January 05, 2016
Accountants generally stay out of the limelight, but if you need an expert on a region's financial climate, they know what's going on. And according to a new poll of almost 1,600 certified public accountants in Pennsylvania and New Jersey, that climate is looking a little gray and stormy.
Only 24 percent of Pennsylvania accountants think that the business climate in their state is good, a huge drop from 41 percent last year. In New Jersey, however, the outlook is gloomier: only 15 percent believe that business is blooming in the Garden State. Admittedly, however, that number is not much different than in 2014.
For the poll, Franklin and Marshall College surveyed 753 members of the Pennsylvania Institute of CPAs and 843 members of the New Jersey Society of CPAs this fall. In both states, high taxes and pension funding were seen as the main issues affecting business growth at the state level, while government gridlock and federal regulations were blamed for slowing business at the national level.
The budget deadlock in Harrisburg no doubt contributed to Pennsylvanians' disgruntled outlook. Accountants from the Keystone State widely cited reforming state pensions was as a top priority, followed by reducing corporate taxes and state spending.
Despite the anti-tax sentiment, 43 percent of Pennsylvania accountants polled said they could support raising personal income taxes if the funds were earmarked for specific projects, such as infrastructure or property tax relief. The majority of them also approved of privatizing liquor stores and taxing natural gas drillers in the Marcellus Shale.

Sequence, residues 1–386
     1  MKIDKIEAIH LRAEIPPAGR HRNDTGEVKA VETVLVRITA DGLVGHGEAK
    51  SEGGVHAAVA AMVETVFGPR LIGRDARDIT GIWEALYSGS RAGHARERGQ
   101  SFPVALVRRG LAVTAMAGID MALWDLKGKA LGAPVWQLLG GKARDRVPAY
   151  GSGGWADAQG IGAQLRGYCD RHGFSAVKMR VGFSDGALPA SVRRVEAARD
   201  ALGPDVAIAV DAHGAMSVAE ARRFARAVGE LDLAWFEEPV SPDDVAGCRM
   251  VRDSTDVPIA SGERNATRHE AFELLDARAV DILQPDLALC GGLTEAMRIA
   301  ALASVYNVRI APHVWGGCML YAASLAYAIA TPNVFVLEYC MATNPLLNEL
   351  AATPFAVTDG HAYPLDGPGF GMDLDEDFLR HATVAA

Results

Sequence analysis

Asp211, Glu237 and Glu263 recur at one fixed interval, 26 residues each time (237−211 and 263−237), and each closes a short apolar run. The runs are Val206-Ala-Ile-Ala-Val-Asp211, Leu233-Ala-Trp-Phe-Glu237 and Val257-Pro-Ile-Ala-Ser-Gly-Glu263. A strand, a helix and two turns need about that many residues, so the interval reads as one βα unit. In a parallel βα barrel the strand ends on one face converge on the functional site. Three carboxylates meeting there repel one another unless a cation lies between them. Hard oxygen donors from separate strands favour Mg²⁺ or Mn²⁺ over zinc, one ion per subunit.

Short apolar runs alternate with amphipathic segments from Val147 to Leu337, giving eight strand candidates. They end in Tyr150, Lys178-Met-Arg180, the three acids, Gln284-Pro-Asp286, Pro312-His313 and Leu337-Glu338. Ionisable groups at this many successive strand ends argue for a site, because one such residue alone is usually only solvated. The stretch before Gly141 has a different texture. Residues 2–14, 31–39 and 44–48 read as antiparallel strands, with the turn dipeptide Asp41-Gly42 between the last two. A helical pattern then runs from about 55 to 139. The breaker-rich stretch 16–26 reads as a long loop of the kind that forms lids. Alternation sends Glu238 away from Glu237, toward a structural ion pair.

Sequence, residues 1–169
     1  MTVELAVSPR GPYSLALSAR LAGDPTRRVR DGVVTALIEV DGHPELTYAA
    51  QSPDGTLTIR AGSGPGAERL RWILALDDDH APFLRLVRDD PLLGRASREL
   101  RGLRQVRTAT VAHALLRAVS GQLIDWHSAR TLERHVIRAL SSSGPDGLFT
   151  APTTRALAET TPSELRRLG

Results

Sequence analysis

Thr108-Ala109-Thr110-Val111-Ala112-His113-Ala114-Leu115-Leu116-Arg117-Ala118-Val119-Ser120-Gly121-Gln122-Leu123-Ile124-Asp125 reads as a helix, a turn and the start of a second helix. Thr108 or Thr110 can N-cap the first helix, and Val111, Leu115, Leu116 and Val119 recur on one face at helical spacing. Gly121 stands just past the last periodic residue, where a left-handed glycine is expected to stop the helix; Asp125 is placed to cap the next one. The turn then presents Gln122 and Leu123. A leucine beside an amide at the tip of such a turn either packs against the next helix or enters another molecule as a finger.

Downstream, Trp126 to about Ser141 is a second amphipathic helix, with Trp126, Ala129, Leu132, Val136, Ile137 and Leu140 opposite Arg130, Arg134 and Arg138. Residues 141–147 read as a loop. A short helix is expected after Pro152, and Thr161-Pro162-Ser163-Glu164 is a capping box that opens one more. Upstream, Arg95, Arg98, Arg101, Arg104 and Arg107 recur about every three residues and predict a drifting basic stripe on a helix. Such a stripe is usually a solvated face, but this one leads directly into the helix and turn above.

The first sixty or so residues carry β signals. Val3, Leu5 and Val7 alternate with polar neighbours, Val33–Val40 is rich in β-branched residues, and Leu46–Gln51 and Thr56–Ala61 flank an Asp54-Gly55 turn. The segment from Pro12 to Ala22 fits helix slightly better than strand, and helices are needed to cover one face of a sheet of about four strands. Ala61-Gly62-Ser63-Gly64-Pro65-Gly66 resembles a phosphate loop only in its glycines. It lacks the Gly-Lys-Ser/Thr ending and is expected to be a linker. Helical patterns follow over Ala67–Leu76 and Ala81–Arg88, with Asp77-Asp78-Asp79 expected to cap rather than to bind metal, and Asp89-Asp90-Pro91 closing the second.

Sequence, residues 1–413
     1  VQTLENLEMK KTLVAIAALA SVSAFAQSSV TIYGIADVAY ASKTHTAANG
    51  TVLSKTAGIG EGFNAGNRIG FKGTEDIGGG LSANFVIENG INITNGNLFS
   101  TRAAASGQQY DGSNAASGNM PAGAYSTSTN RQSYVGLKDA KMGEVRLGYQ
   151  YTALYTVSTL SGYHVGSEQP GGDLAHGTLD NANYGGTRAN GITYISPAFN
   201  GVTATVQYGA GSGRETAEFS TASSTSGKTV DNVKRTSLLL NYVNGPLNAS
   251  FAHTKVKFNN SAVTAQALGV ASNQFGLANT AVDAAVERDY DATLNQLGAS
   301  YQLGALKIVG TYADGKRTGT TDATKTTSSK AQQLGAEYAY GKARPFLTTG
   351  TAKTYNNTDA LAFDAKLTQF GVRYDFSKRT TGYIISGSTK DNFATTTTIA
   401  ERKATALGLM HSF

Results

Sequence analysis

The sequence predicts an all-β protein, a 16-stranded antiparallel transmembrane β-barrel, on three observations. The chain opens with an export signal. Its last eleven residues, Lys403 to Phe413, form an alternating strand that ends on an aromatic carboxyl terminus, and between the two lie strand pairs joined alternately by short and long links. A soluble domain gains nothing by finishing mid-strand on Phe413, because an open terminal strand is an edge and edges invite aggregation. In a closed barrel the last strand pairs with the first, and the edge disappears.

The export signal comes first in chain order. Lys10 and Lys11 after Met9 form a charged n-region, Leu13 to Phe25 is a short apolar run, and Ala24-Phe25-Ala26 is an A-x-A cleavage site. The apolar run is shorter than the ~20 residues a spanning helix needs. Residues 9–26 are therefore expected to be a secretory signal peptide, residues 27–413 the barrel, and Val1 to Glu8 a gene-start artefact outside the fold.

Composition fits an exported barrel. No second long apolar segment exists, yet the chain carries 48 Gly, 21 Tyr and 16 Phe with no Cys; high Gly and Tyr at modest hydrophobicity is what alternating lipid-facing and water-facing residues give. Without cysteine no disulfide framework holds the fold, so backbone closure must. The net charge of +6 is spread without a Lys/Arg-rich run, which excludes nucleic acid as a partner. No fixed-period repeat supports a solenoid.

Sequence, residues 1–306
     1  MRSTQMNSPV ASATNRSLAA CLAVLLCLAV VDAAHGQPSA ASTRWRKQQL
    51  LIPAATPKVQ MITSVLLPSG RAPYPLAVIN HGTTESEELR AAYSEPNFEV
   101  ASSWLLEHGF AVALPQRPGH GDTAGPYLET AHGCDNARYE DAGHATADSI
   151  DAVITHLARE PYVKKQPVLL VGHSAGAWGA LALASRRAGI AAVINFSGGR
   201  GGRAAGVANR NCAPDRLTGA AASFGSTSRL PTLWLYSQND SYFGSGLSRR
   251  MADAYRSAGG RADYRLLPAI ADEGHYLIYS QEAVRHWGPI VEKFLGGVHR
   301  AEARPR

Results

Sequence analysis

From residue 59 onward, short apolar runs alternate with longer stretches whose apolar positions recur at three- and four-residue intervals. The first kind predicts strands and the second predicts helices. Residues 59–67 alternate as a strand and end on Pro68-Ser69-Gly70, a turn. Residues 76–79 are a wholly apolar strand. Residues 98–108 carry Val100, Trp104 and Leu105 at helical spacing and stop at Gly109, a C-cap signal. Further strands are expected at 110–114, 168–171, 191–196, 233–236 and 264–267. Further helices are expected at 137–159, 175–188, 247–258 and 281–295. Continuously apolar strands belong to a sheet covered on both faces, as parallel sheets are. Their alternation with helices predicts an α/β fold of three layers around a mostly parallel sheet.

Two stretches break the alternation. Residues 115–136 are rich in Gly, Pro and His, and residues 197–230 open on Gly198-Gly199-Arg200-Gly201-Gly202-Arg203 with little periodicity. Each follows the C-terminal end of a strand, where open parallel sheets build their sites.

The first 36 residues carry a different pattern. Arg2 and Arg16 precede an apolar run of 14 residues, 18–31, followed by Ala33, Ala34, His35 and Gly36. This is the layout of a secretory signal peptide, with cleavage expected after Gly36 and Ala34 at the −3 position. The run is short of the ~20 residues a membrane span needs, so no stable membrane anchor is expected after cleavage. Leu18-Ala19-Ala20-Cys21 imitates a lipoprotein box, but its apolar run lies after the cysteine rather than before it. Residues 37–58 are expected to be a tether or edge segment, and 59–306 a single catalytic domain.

In New Jersey, the top priorities for reform were taxes, taxes and taxes. Accountants in the Garden State ranked cutting property, income and estate taxes as their top priorities for economic expansion.
However, after being told that New Jersey's Transportation Trust fund would soon "run out of money for road and bridge repairs," 66 percent of respondents agreed that the gas tax should probably be raised to fund infrastructure projects.
Ironically, while accountants see the economy as poor, many still feel confident that their clients will do well. Fifty-one percent of Pennsylvania CPAs and 45 percent of New Jersey CPAs predicted increases in business revenue; 57 percent of Pennsylvanians and 44 percent of New Jerseyans predicted that their clients' salaries would increase.